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Scalable Video Coding: Another Kneecap Blown Away

H.264 SVC, an algorithm for encoding/decoding video streams, became an internationally approved (ITU) standard (formally known as a Recommendation) in 2007--ancient history in today's UC world.

The details of SVC are outside the scope of this document. A video bitstream is called scalable if part of the stream can be removed in such a way that the resulting bitstream is still decodable. Suffice to note that H.264 SVC standardizes the encoding of a video bitstream into a base layer and one or more enhancement layers.

The enhancements add frame rate (temporal enhancements), image resolution (spatial enhancements), or image quality (signal-to-noise enhancements) to the base layer. The base layer itself complies with the old H.264 baseline profile, commonly (but inaccurately) referred to as H.264 AVC. This is an important detail.

SVC facilitates videoconferencing over best-effort IP networks like the Internet because when things get tough on the network, SVC can temporarily send just base layer packets. More to the point, a video switch/router in the middle of the connection (the video infrastructure that is so often overlooked in today's SVC debates) decides dynamically which layers to send to which endpoints, depending on the endpoint's processing power, network bandwidth, and traffic conditions. The switch does not perform any transcoding; since processor requirements are minimal, this fundamentally changes the economics of multipoint video calls.

This type of architecture is a natural for calls that connect high-performance room systems with desktops on a LAN and/or mobile devices on a cellular network or slow Internet pipe.

Traditional multipoint video conferencing involves the use of expensive, centrally-deployed multipoint control units (a.k.a. MCUs or video bridges). The MCUs decode each incoming video signal, mix the signals together as required, and then re-encode the signals to provide the appropriate stream to each endpoint. This transcoding architecture is processor intensive and very expensive, and also introduces significant latency to the call.

Suffice to say that the benefits of SVC include:

* Low Cost Endpoints: The solution runs on industry standard endpoints (PC, Macintosh, iOS, Android) and x86 servers
* Low Cost, Scalable Infrastructure: The router/switch can be an industry-standard server; in at least one implementation a single 1U device can support up to 100 HD streams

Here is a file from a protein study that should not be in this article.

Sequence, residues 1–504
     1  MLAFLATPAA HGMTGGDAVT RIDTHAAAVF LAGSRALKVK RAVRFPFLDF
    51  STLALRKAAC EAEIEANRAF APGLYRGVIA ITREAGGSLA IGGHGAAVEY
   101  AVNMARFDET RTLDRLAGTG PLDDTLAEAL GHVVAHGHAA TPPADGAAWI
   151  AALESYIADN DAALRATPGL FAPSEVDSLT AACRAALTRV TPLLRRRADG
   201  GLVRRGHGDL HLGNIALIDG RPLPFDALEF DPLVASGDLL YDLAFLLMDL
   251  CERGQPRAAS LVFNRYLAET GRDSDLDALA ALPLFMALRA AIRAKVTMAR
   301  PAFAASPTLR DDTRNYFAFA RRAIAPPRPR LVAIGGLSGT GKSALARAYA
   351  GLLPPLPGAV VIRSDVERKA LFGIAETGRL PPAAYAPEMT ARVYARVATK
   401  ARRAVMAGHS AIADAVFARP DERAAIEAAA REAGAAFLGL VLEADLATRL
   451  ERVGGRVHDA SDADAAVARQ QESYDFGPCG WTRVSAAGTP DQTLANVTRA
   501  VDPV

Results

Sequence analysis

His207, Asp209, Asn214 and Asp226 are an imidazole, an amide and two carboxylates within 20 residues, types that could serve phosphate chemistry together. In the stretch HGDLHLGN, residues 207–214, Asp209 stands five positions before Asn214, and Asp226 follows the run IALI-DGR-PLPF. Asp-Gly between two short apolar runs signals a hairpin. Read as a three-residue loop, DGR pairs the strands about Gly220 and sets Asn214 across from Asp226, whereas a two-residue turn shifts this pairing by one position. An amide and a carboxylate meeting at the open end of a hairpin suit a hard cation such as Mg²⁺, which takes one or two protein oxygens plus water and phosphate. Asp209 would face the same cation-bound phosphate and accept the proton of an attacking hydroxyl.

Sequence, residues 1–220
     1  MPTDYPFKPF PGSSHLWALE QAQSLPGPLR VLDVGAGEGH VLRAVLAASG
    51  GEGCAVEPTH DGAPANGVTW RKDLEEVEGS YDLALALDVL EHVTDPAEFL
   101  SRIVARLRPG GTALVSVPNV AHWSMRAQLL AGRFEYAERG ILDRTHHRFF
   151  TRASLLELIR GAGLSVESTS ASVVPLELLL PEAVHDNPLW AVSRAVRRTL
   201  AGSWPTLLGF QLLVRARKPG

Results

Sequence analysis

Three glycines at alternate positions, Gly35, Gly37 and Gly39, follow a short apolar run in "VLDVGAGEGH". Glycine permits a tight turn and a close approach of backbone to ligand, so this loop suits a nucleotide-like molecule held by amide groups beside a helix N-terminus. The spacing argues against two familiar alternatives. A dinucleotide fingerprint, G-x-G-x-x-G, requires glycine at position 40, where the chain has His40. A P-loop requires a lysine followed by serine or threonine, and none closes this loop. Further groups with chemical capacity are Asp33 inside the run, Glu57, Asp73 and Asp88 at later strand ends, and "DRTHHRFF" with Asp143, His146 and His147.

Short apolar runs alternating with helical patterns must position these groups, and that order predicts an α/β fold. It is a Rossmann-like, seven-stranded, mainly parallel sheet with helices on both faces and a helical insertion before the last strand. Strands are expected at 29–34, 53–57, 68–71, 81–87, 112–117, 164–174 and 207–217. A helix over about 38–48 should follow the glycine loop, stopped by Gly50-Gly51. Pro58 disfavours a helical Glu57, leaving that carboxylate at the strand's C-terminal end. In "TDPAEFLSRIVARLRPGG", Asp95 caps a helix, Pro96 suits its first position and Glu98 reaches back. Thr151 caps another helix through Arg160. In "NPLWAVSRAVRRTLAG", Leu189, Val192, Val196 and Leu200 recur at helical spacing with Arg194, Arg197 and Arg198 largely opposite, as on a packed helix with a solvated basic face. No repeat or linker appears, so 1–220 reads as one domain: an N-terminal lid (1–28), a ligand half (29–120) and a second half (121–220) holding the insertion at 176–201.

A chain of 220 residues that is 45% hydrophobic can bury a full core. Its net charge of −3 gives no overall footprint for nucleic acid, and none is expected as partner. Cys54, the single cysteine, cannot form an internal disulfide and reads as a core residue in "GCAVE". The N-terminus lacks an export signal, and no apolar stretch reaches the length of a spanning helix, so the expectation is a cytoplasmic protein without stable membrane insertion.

* Virtual Server Ready: The infrastructure software can be virtualized and run in a cloud
* Low Latency in Multipoint Calls: The infrastructure device performs packet switching and NOT video encoding/compositing/decoding

So, What's the Problem?
To start with, several vendors have decided to offer an alternative to SVC. Their answer is simulcasting. Here, a device encodes two or three versions of the video input, for example 1080p, 720p, and 360p. Each of these is H.264 AVC-compliant. A switch in the middle decides which streams to send to which participants.

The switch, theoretically, can go even further by implementing simple SVC temporal scaling--that is, it could decide to send 60 frames per second to some endpoints, 30 fps, or 15 fps as conditions warrant. So, while SVC encodes one stream with multiple layers, simulcasting encodes multiple streams with one layer each.

Simulcasting has the advantage that each stream is standards-compliant and, hence, is interoperable with "legacy" systems. The major disadvantage is that the endpoint needs enough horsepower to encode multiple streams and enough bandwidth to send them all to the infrastructure device in the middle. If it takes XYZ kbps to send 1080p, then adding 720p adds 1/4th XYZ and adding 360p adds 1/16th more XYZ.

Because SVC has so many permutations and combinations, and because the H.264 Recommendation doesn't cover signaling--a key ingredient to be handled by those devices in the middle--an industry group known as the UCI Forum (nee Unified Communications Interoperability Forum) is trying to get vendors to agree on a subset of the possibilities they will all support.

Unfortunately, the UCIF group appears to have broken out into a nasty civil war, with "government" video engineers favoring a purebred SVC approach that takes advantage of both temporal and spatial enhancements, while the "rebels" have opted for the more simple approach of simulcasting. The bottom line is that when you put Microsoft, Google, Cisco, Polycom, Avaya, and Vidyo in a room, then throw in some uncertainty about patent infringement and IP licensing, it's not surprising that interoperability will remain a distant dream.

These and other issues will be explored in one of our Enterprise Connect video sessions entitled "SVC in 2014: Assessing the Implications." Moderated by Wainhouse Research, the panel will include representatives from both sides of the battle, including Vidyo, Polycom, and Avaya.

The eight-session video track at Enterprise Connect offers a peek into the future of enterprise video and an exploration of the critical issues facing decision makers today. Register for the conference and join us this March!